Why are you getting out the vote? Voting is an American right. This year, we are faced with a fundamental test, and we must fight to make sure everyone’s vote is counted rather than allowing people’s voices to be silenced by voter suppression. I am getting out the vote because this is OUR democracy and it’s imperative that we use our votes to keep it that way. I also want to acknowledge that voting is a (very essential) component of the greater picture that is our democracy. We must organize, then vote, then organize!

Why does this election matter to the climate crisis? We’re facing the most pivotal moment in our climate’s history. As a young person, I am absolutely terrified of what the future has in store if we don’t make an immediate systemic change. There is a way to protect our earth so it’s habitable for future generations while creating jobs and boosting the economy. It’s a matter of acting NOW. We need all leaders to prioritize climate justice. I am confident that ensuring leadership that prioritizes climate justice is one of the most significant things we can do during this climate crisis.

Why do you think it’s important that youth get out the vote? This is the world we’re inheriting, and young people know it. I’m confident that my peers will show up this year and make out voices heard by casting ballots and organizing to combat systemic racial, economic and environmental inequities. I’m proud to say that I’m part of a generation that is not afraid to speak out and fight for justice.

What work are you doing with to get out the vote? I’m working with 350 to organize and lead weekly phone banks at my high school. I founded a voter engagement club at my school, and we have made calls, sent hundreds of postcards, and printed and distributed hundreds of “voter registration” stickers. I am so appreciative of’s support, they truly have given me and my peers the resources to enact change in our community.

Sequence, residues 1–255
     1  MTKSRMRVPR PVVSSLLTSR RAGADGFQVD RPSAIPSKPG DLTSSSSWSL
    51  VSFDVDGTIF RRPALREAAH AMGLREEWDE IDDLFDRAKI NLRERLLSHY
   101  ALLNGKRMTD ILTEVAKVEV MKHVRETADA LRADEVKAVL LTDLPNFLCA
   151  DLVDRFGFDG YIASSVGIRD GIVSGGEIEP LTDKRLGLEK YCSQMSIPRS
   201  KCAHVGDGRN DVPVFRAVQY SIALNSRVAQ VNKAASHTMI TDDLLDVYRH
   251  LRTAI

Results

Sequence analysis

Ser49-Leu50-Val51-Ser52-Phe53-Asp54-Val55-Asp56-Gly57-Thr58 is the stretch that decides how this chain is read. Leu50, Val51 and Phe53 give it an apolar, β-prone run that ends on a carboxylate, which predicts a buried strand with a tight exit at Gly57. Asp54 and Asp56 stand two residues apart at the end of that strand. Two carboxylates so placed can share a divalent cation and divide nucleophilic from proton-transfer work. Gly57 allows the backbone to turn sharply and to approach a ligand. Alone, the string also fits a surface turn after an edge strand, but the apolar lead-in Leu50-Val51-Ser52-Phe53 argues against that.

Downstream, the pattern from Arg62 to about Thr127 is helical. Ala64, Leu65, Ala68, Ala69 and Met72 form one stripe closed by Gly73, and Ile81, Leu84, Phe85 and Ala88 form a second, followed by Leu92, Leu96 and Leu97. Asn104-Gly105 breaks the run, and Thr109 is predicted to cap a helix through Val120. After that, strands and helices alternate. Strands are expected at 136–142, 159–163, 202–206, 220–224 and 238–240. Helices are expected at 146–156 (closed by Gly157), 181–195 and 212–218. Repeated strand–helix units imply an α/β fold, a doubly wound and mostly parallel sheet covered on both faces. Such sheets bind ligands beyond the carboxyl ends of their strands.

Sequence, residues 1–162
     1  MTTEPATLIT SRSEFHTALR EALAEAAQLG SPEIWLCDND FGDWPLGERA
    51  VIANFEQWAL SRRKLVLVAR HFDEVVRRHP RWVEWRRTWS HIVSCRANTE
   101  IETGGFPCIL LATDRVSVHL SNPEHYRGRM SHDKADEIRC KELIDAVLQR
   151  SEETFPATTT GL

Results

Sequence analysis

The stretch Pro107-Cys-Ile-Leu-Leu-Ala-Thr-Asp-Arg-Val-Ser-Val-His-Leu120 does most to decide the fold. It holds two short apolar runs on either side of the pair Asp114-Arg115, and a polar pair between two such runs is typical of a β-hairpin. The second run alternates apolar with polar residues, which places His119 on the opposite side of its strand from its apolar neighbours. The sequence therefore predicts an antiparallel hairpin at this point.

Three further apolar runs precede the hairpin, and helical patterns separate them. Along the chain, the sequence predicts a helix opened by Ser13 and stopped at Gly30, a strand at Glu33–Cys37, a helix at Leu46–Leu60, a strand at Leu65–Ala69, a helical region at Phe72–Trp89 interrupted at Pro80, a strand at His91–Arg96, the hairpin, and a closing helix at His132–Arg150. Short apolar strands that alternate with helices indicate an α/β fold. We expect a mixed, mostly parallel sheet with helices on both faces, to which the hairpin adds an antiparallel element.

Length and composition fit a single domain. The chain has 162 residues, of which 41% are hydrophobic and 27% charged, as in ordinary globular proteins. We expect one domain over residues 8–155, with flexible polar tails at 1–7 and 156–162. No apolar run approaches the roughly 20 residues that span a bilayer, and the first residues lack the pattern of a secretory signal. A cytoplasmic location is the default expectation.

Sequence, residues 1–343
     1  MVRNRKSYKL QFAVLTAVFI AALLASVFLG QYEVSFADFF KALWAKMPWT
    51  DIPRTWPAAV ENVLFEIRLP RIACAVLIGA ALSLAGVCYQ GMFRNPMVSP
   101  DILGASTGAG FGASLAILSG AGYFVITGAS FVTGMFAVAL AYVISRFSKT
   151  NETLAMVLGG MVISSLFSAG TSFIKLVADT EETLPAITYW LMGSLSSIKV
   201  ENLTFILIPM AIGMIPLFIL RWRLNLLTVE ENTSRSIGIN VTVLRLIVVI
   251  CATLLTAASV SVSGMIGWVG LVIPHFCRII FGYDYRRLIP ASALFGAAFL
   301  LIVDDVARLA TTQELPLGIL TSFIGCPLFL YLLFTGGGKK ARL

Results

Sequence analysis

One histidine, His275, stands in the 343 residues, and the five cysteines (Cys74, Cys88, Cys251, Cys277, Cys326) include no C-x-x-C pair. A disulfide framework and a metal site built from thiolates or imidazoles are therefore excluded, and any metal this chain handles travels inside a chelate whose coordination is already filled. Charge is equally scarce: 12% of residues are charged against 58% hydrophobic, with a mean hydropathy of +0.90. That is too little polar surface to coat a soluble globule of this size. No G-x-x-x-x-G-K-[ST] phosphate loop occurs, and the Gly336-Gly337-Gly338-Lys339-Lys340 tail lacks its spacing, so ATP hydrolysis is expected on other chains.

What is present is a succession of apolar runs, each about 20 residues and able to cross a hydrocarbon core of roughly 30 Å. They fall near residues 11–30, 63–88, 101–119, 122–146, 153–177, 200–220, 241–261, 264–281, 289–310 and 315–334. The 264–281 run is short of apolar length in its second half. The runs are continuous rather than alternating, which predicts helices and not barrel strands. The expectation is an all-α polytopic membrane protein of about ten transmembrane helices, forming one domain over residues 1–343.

Dominique Thomas, Harlem, New York:

Why are you getting the vote out? I want to ensure that everyone who wishes to engage in election season has the opportunity to do so without fear of intimidation or retaliation. I do this work to protect our democracy. For me, this is more than voting — we are protecting the vote and those protesting in the face of injustice,  and ensuring our freedom and collective healing.

Why does this election matter to the climate crisis? This election is very important given that the same groups who are most affected by climate disasters, COVID-19 and have the most heinous histories of voter suppression are BIPOC communities. To fight the climate crisis we must fight to protect democracy. Both struggles involve the tactics necessary to build power in the lead-up to elections to protect votes and fight voter suppression.

Why do Black, Indigenous and People of Color (BIPOC) votes matter? Ella Baker once said “Oppressed people, whatever their level of formal education, have the ability to understand and interpret the world around them, to see the world for what it is, and move to transform it.” BIPOC communities are skilled at transforming the world outside of systems of oppression with our votes and through our ability to movement-build and build people-powered movements. We hold elected officials accountable, we strategize in campaigns and we use direct action to uplift our demands in a fight for justice.

What work are you doing with to get out the vote? I currently work on the Climate Vote Team where I have been working on recruitment of Black, Indigenous, and people of color, get out the vote phone banking, and identifying spokespeople for this work. It’s nice to interact with people who are a part of our base that I do not have the opportunity to work with as well as to create opportunities for people to develop their leadership skills. is throwing its weight behind efforts to get out the vote. If you’d like to join these efforts, click here:, and volunteer with us!